Publications by authors named "Jo Jorem Aarseth"

3 Publications

  • Page 1 of 1

Keeping track of time under ice and snow in a sub-arctic lake: plasma melatonin rhythms in Arctic charr overwintering under natural conditions.

J Pineal Res 2008 Apr;44(3):227-33

Finnmark University College, Alta, Norway.

Although photoperiod is considered as a major environmental cue for timing of seasonal events in fish, little is known about the photic information perceived by fish in different aquatic environments. The strongly seasonal Arctic charr, Salvelinus alpinus, reside in lakes covered by thick ice and snow throughout the dark winter in the north. In the present study, we have measured diel changes in their plasma melatonin concentrations from September to June in Lake Storvatnet (70 degrees N), northern Norway. In addition, we have measured the in vitro melatonin production of Arctic charr pineal glands held at experimental light conditions. From September to April a diel profile in plasma melatonin was seen in the charr in Lake Storvatn, with highest concentrations at night. This profile reflected the prevailing above-surface photoperiod, even in February when there were minimal changes in sub-surface irradiance between day and night. In June, plasma melatonin was low throughout the 24-hr cycle, despite there being a marked sub-surface difference in irradiance between night and day. At this time the irradiance in night probably remained above the threshold for suppression of melatonin production. The in vitro experiments revealed no endogenous rhythm in the pineal melatonin secretion, supporting the conclusion that the diel profile seen in the Arctic charr in their natural habitat was driven by ambient photoperiod. In conclusion, the Arctic charr appear to keep track of time even under the extreme conditions of high latitudes during winter, when lakes have thick ice and snow cover.
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http://dx.doi.org/10.1111/j.1600-079X.2007.00511.xDOI Listing
April 2008

Melatonin reduces noradrenaline-induced vasoconstriction in the uterine artery of pregnant hooded seals (Cystophora cristata).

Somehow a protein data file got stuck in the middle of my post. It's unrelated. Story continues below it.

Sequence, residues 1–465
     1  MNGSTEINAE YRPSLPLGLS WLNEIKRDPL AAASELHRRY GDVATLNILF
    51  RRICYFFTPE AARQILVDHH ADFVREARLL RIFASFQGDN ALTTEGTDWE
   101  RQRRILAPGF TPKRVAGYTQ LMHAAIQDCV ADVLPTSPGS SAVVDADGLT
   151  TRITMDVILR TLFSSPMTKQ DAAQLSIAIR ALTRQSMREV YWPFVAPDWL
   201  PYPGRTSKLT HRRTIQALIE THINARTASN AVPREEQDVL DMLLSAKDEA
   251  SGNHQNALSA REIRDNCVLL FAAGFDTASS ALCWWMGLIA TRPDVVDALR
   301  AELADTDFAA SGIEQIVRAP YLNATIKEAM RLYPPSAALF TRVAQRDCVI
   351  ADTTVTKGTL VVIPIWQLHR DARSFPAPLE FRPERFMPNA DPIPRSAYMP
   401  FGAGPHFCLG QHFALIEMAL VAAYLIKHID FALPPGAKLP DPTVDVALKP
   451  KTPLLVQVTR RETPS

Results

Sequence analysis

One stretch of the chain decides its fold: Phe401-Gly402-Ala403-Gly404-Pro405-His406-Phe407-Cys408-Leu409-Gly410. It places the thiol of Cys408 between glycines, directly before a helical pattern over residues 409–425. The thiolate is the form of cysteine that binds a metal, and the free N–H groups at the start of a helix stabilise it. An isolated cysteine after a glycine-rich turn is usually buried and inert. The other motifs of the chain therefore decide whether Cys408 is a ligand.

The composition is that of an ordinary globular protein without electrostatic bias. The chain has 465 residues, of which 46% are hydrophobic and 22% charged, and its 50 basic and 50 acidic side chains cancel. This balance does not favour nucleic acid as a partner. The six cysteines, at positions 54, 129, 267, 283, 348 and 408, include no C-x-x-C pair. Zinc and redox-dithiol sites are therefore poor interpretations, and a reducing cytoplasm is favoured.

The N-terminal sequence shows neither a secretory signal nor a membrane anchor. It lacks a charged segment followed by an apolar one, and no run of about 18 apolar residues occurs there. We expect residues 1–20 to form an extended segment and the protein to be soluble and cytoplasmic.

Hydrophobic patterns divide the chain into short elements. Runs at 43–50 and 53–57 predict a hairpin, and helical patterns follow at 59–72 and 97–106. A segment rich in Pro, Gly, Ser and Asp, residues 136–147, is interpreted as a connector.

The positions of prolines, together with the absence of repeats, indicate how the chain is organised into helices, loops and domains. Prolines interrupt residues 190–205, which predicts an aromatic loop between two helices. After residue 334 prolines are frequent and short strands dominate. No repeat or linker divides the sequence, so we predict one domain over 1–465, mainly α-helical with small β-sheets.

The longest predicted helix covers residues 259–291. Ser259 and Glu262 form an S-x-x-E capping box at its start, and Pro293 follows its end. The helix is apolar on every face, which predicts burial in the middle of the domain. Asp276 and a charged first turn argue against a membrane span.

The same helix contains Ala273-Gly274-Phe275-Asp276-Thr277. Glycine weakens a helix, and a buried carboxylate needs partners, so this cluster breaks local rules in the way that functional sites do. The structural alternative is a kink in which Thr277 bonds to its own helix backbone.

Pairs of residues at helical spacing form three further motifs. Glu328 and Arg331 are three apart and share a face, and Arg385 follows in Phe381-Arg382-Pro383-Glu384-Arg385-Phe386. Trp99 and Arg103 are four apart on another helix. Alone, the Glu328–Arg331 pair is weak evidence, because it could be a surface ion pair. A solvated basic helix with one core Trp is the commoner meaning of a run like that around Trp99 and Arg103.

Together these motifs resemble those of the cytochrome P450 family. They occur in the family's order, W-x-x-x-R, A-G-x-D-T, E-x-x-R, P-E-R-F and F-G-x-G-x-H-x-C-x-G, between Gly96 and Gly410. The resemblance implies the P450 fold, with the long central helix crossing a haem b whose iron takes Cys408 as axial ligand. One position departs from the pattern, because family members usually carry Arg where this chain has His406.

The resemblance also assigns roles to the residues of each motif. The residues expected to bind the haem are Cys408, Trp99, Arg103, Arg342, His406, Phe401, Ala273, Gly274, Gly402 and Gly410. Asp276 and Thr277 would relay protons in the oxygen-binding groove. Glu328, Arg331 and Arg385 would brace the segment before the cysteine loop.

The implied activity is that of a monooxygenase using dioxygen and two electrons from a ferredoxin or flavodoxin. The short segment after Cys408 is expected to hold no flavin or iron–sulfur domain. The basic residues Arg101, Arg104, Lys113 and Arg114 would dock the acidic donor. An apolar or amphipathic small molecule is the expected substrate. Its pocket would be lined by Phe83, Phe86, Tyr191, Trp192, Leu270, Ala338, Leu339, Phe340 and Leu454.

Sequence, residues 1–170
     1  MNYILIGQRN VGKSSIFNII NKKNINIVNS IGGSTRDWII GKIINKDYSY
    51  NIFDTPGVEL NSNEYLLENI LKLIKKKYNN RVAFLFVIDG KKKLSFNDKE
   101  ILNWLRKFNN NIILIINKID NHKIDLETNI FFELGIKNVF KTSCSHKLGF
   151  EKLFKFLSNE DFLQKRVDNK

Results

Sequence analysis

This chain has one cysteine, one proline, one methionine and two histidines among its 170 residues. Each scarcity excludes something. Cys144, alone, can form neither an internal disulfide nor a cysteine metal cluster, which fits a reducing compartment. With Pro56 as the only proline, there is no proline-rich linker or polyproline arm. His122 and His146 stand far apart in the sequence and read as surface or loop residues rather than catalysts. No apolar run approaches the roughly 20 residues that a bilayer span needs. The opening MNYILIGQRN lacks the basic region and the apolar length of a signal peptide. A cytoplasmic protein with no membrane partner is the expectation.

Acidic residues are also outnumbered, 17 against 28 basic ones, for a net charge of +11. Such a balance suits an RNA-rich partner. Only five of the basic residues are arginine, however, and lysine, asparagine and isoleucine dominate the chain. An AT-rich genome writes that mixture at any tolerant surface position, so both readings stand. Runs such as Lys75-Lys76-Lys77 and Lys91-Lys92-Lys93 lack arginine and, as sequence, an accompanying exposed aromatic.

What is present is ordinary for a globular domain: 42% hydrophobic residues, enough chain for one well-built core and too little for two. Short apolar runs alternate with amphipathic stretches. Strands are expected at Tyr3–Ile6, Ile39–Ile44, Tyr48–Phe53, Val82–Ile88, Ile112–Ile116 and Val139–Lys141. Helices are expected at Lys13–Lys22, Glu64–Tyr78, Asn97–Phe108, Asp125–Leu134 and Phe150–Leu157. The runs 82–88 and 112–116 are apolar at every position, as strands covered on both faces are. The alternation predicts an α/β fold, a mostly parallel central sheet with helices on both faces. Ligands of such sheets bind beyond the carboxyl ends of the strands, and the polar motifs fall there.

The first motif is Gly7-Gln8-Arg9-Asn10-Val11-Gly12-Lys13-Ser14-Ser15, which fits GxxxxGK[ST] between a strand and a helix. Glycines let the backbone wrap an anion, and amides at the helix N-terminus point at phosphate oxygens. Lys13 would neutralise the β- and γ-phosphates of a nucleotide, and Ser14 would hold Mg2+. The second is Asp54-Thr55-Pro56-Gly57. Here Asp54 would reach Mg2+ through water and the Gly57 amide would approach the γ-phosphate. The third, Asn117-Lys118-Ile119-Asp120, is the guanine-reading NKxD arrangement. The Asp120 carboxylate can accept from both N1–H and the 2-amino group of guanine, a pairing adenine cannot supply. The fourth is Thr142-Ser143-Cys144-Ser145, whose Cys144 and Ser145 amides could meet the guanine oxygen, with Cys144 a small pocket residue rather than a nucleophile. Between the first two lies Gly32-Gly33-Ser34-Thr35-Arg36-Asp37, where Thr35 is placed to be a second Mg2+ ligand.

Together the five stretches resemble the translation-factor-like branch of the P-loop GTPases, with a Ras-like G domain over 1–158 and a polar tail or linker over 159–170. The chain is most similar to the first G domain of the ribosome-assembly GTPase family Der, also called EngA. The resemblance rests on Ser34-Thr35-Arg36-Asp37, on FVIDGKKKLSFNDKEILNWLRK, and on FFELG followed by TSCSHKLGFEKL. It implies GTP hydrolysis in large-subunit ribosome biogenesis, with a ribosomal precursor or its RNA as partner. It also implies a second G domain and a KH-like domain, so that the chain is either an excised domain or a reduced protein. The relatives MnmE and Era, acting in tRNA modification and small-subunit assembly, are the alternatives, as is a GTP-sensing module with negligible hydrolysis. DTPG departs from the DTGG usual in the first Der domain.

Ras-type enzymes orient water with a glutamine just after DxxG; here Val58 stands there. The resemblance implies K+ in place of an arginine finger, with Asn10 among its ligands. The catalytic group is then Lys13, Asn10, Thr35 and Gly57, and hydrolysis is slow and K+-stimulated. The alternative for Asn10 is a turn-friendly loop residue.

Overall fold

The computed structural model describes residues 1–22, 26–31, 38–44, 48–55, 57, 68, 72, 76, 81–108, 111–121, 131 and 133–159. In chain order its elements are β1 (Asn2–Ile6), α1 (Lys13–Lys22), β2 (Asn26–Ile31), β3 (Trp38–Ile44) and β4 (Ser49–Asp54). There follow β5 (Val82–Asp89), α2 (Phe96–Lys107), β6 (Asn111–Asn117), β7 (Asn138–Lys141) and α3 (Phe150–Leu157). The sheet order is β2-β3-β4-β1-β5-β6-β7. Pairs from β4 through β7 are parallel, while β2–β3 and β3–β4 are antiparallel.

Pflugers Arch 2004 Jan 21;447(4):405-7. Epub 2003 Nov 21.

Department of Arctic Biology and Institute of Medical Biology, University of Tromsø, 9037 Tromsø, Norway.

In pregnant seals the dive-associated constriction of the uterine artery is inhibited for unknown reasons. The seal fetus has an extremely large and active pineal gland, not found in any other mammals. We have investigated if the pineal hormone melatonin affects fetal blood supply during diving. Using isolated ring segments of the uterine artery from pregnant hooded seals (Cystophora cristata), we measured the change in isometric tension caused by noradrenaline (NA) with and without physiological concentrations of melatonin. Melatonin alone had no effects while NA increased the tension in a dose-dependent manner. The NA-induced tension was about 70% reduced by melatonin, but was completely recovered after washout of melatonin. These results indicate that the large and active pineal gland of the fetal seal may be involved in upholding maternal uterine blood flow during diving.
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http://dx.doi.org/10.1007/s00424-003-1198-5DOI Listing
January 2004

Quantitative differences in the pineal ultrastructure of perinatal and adult harp (Phoca groenlandica) and hooded seals (Cystophora cristata).

J Pineal Res 2003 Oct;35(3):188-95

Department of Arctic Biology and Institute of Medical Biology, University of Tromsø, Tromsø, Norway.

Seals are unique among mammals in that newborns have a large pineal gland and extremely high plasma levels of melatonin at birth. Melatonin levels are also high in the seal fetus but decline rapidly during the first few days of life. The aim of the present study was to provide quantitative information about the ultrastructure of the seal pineal gland using fetal, newborn, and adult hooded seals (Cystophora cristata), and newborn and adult harp seals (Phoca groenlandica). The relative and absolute volumes of pinealocytes (Pi), arteries and veins, nerves, connective tissue, capillaries and glial cells, as well as mitocondria and lipid droplets in Pi, were calculated by use of point count analysis. Whereas the pineal ultrastructure was similar in fetuses and newborns, both seal species showed a pronounced and particular reduction in the volume of Pi and a similar reduction in pinealocyte mitochondria. There was also a shift from unmyelinated to myelinated pineal nerves in adults compared with fetal/newborns. The selective and marked reduction of Pi may explain the zonated pineal structure typical of the adult seal. The results demonstrate that the fetal gland is as large and active as that of the newborn seal and support the notion that the large size and high activity of the pineal gland in the newborn seal is a fading consequence of its prenatal condition.
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http://dx.doi.org/10.1034/j.1600-079x.2003.00076.xDOI Listing
October 2003
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